A RELUCTANT SEAMAN by Leslie Scrase
In this third autobiographical novel we follow Roger Wallace as he faces the
and culture shock of National Service in the Royal Navy from 1949 to 1951.
To begin with it seems that life is just an endless nightmare of fatigues and
training, but fortunately Roger
’s prowess at cross-country helps him through this stage. He also finds, as in his boarding-school days, that he has a natural capacity to help and side with those who are being ill-treated, even though this causes trouble for himself.
He soon learns to take every opportunity of enjoyment that the Navy offers,
despite misgivings about the Korean War. He also begins to fundamentally doubt
his religious upbringing and finds himself, almost by accident, performing ‘alternative’ ceremonies at a friend’s wedding and an associate’s funeral, both to considerable acclaim.
Romantic and sexual experiences are a continuing influence in Roger’s life, but it seems that a misunderstanding will ruin his chance of happiness
with Gladys, his first love from his school-days, as she plans to marry someone
Finally, helped by a kindly officer, he is able to make preparations for life
beyond National Service, taking the first crucial steps towards his adult life
and a new career.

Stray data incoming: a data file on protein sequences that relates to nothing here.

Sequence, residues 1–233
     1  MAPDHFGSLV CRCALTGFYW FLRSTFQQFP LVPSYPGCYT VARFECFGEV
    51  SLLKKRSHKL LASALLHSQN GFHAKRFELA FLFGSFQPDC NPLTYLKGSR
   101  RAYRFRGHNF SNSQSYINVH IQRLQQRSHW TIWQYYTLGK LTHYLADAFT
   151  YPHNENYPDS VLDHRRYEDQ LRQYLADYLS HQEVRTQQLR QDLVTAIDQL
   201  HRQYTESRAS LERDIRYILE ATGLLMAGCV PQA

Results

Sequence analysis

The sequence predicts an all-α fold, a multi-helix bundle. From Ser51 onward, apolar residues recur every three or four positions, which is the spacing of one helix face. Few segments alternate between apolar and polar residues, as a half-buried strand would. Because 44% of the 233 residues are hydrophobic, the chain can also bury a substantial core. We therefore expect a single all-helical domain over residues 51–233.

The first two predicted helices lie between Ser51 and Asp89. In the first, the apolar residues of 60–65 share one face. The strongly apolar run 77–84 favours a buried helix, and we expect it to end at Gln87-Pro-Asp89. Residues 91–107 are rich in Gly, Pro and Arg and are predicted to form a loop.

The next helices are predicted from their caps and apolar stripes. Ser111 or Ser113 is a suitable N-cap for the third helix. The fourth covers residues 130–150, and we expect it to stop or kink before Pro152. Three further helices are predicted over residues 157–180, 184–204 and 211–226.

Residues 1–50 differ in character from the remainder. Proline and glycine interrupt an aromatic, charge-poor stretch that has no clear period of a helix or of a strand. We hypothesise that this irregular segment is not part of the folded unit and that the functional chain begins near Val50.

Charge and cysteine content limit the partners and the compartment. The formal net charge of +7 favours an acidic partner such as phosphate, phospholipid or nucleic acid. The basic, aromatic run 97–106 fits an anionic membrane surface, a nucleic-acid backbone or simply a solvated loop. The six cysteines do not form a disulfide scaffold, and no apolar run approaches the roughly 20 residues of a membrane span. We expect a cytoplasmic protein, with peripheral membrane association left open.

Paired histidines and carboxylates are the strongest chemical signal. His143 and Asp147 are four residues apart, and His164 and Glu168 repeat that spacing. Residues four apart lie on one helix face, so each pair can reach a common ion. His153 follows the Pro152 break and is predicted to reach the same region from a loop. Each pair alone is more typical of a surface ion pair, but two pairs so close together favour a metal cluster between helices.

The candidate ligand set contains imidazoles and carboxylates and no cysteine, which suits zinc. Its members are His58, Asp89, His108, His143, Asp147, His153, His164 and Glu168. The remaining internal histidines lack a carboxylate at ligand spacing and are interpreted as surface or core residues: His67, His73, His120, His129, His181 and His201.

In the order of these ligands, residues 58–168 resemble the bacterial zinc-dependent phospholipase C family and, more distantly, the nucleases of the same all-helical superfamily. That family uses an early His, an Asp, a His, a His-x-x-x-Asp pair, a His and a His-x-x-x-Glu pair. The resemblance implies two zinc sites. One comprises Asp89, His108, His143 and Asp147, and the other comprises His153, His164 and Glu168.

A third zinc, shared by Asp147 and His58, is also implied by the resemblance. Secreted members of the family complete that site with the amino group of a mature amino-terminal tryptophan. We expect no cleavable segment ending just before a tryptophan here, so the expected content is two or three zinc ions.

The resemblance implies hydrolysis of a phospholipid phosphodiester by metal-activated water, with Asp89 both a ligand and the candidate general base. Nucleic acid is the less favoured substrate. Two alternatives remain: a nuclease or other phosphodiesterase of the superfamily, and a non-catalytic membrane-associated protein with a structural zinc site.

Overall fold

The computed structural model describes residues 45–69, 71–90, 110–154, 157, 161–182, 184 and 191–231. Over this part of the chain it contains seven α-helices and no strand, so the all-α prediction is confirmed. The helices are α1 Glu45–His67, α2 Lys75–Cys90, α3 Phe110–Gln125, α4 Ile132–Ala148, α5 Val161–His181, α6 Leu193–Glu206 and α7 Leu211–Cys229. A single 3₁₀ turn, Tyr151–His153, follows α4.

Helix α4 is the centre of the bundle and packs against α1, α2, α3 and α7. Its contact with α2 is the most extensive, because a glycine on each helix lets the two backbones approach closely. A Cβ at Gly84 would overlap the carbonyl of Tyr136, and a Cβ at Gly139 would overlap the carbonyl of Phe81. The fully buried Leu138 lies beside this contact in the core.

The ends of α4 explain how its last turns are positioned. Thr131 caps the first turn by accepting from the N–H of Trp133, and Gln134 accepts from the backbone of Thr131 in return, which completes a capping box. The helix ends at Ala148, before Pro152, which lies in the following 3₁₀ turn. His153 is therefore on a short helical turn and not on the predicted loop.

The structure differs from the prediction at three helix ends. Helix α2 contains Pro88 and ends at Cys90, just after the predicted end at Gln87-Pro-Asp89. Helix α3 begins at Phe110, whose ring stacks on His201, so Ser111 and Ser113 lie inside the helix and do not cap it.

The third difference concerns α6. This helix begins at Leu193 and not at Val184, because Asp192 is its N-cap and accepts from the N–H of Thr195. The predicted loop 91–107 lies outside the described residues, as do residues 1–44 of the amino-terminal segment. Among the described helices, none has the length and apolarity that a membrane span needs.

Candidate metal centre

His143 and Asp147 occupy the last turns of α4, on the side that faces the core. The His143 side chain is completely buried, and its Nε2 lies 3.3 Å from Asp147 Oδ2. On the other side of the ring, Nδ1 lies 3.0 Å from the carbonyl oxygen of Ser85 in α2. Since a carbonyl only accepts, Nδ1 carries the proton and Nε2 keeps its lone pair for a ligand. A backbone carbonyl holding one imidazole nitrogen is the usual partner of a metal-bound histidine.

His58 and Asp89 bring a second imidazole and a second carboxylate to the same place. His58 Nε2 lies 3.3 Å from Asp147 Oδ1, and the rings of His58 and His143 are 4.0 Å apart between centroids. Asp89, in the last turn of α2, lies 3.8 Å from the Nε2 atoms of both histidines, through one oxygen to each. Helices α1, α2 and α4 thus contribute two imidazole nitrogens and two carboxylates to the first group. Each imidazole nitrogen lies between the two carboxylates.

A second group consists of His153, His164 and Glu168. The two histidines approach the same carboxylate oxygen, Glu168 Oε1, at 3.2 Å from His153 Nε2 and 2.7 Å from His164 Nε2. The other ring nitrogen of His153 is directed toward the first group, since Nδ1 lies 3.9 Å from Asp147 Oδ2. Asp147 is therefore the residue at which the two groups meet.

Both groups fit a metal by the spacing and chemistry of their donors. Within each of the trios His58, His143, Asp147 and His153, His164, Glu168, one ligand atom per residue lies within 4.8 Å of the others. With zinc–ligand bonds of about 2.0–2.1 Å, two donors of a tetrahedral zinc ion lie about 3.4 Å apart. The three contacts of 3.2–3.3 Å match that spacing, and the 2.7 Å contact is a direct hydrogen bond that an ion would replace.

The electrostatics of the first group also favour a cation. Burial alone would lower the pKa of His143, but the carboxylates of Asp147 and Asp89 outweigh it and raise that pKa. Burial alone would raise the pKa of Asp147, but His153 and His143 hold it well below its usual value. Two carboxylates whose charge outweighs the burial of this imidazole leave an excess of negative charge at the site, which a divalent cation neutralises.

Again, as in both An Evacuee and A Prized Pupil!, by writing from his own experiences the author evokes the genuine feelings of a
young man in the mid-twentieth century.
The author was born in Addiscombe, East Croydon. He was evacuated in 1939 and
again in 1940, which led to his attendance at Selhurst Grammar School followed
by Shebbear College in North Devon.
His National Service was in the Royal Navy at the time of the Korean War. Our involvement in that war left Leslie with question marks about the UK’s over-eagerness to become involved in fighting all over the world. At the time of the
Suez crisis he actively opposed the Government
’s actions, and since this he has nearly always considered the UK could have found alternatives to the use of military force.
Halfway through his working life Leslie set up his own chauffeur driven car
hire company in Surrey, driving Daimlers and Jaguars
rather than the Rovers of this novel. He regularly drove leading businessmen from firms such as Beecham, Gillette and
Nestlé; politicians such as Nigel Lawson and Edwina Currie; and many celebrities such
as Sue Barker, Bernard Cribbins, Ken Dodd, Adam Faith, Olivia Newton-John,
Cliff Richard and Anthony Valentine.
Throughout his life Leslie has provided ceremonies for people without religious
beliefs, and his work for the British Humanist Association became so demanding
that he eventually had to leave a manager in charge of his business.
Now, with his business life behind him, he continues to conduct ceremonies and
is as busy from his home in Dorset as he was in Surrey.